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I have bash-script that uses sudo commands, but in the middle I need to stop sudo-influence and then later reinstate it.

Very simple version using Pseudo code

sudo apt-get install -y synaptic
sudo ...
// I need to suspend sudo here, otherwise the folder 
// is created with root as the owner.
mkdir ~/mystuff
// then reinstate it here
sudo apt-get install -y ssllib

Does sudo request the passphrase as soon as it starts to run a bash script - or- does it only ask when it encounters the first "sudo" line?

If so, then I think I may be able to move all the non-sudo stuff to the top. But, the problem there is I will have to wait until the first "sudo" line is encountered to then enter the passphrase.

marked as duplicate by Mark Kirby, Zanna command-line Oct 7 '17 at 9:18

This question has been asked before and already has an answer. If those answers do not fully address your question, please ask a new question.

  • Those are two questions, the second is answered in the linked question. – dessert Oct 6 '17 at 21:36
  • You should not at all need to use sudo in a script – if the whole script runs as root (called by e.g. cron or with sudo /path/to/script) there's no need for sudo inside it. – dessert Oct 6 '17 at 21:42
  • see terdon's answer which shows how to use sudo in a script to avoid running a particular command as root. The password will only be requested when the command is encountered see test – Zanna Oct 7 '17 at 9:20
  • @dessert: The script is for use after a fresh install of Ubuntu. It installs a bunch of things like Samba etc then creates Folders and Shares for them. It also creates block devices for/with cifs. I run the script manually from the CLI and need the created stuff to be owned by the user. – LinuxFerLife Oct 7 '17 at 13:47
  • @X10WannaBe Let's discuss it further in this chatroom: chat.stackexchange.com/rooms/66774/suspend-sudo-in-bash-script – dessert Oct 7 '17 at 14:28
2

sudo offers the option -u for that, see man sudo:

-u user, --user=user
 Run the command as a user other than the default target user (usually root).
 The user may be either a user name or a numeric user ID(UID) prefixed
 with the ‘#’ character (e.g.  #0 for UID 0).  When running commands as a UID,
 many shells require that the ‘#’ beescaped with a backslash (‘\’).
 Some security policies may restrict UIDs to those listed in the password
 database. The sudoers policyallows UIDs that are not in the password database
 as long as the targetpw option is not set. Other security policies may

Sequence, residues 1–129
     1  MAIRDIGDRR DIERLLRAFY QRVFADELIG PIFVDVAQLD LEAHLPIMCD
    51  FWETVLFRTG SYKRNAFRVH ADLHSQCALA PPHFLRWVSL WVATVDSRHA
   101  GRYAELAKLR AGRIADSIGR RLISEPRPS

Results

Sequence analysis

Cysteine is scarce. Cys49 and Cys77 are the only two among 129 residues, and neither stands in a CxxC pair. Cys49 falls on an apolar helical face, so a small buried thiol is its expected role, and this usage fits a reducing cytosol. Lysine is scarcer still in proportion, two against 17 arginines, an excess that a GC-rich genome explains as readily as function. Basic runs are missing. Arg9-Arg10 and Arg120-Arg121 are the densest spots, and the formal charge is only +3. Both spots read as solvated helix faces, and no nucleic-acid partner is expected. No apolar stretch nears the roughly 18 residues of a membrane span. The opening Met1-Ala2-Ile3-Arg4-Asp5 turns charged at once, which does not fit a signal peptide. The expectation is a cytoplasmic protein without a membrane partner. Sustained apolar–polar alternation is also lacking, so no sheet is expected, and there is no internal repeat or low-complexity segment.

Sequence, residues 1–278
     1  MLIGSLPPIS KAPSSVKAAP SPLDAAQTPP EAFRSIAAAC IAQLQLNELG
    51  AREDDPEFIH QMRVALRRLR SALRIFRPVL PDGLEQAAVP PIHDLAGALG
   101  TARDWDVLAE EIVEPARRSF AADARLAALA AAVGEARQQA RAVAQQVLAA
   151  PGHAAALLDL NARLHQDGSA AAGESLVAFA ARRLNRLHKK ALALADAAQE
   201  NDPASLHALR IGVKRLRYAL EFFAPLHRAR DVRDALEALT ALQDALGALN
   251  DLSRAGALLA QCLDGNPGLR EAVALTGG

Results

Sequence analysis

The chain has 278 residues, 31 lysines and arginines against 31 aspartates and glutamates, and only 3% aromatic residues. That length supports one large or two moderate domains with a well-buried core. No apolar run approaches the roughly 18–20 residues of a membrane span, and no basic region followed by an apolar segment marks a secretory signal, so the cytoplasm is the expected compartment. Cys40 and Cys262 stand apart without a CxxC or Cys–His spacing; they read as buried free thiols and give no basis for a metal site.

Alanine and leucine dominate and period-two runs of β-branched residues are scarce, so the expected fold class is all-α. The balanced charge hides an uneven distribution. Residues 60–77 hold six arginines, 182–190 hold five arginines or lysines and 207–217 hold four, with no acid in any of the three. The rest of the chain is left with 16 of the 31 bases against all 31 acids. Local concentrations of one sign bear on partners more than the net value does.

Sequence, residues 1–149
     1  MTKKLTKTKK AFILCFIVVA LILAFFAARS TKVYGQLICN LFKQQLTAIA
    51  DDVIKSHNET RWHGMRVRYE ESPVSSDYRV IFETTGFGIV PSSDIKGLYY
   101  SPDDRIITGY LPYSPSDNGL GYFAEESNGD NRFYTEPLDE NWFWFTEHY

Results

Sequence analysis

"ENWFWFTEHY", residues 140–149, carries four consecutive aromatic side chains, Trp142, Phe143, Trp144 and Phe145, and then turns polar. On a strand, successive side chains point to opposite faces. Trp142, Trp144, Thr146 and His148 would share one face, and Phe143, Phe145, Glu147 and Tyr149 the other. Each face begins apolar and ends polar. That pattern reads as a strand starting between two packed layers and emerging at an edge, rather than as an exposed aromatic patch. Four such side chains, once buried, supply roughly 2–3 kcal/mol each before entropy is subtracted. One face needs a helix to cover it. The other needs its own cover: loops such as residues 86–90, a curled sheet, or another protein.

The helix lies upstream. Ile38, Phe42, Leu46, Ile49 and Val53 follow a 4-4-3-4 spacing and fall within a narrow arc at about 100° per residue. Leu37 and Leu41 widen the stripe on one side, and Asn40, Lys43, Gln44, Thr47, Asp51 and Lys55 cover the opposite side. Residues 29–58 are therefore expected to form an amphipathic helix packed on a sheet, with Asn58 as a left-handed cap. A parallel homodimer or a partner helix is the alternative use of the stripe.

not support  this.

For your example this would be:

sudo -u USERNAME mkdir /home/USERNAME/mystuff
  • Thanks, very much appreciated dessert. Thank you also for taking the time to show me an example. I do check the "man" but all too often the descriptions are way too cryptic, assuming one is a seasoned Linux user. You are someone who actually answers the originally asked question rather than eulogizing around the topic. A refreshing change. – LinuxFerLife Oct 7 '17 at 13:39
2

Given your current script, no, the mkdir command won't be run with sudo. sudo doesn't magically start affecting commands which it does not start. Nor does it magically ask for password before it is ever run.

What might be happening is that you might have run your entire script with sudo. If that's the case, then you can check if that's true, and either ask the user to run it without sudo:

if [ -n "$SUDO_COMMAND" ]
then
    echo "Please don't run this script with sudo."
    exit
fi

Or, switch to the actual user for these commands:

if [ -n "$SUDO_USER" ]
then
    sudo -iu "$SUDO_USER" sh -c 'mkdir ~/mystuff'
fi

You might need the sh -c because ~ is expanded by the shell running the script, and depending on sudo settings, that shell might think the home directory is root's.

  • 1
    @dessert ha ha, too much markdown. :) – muru Oct 6 '17 at 21:46
  • Sarcasm is always such a help. Contrary to comments above, MY version of Ubuntu DID create the Folders with Root ownership. Whether sudo should or should not do that is moot. – LinuxFerLife Oct 7 '17 at 13:42
  • @X10WannaBe indeed sarcasm is a help when you refuse to provide the actual script and how it was run, and instead provide pseudocode. Maybe do better asking questions next time? – muru Oct 7 '17 at 17:36

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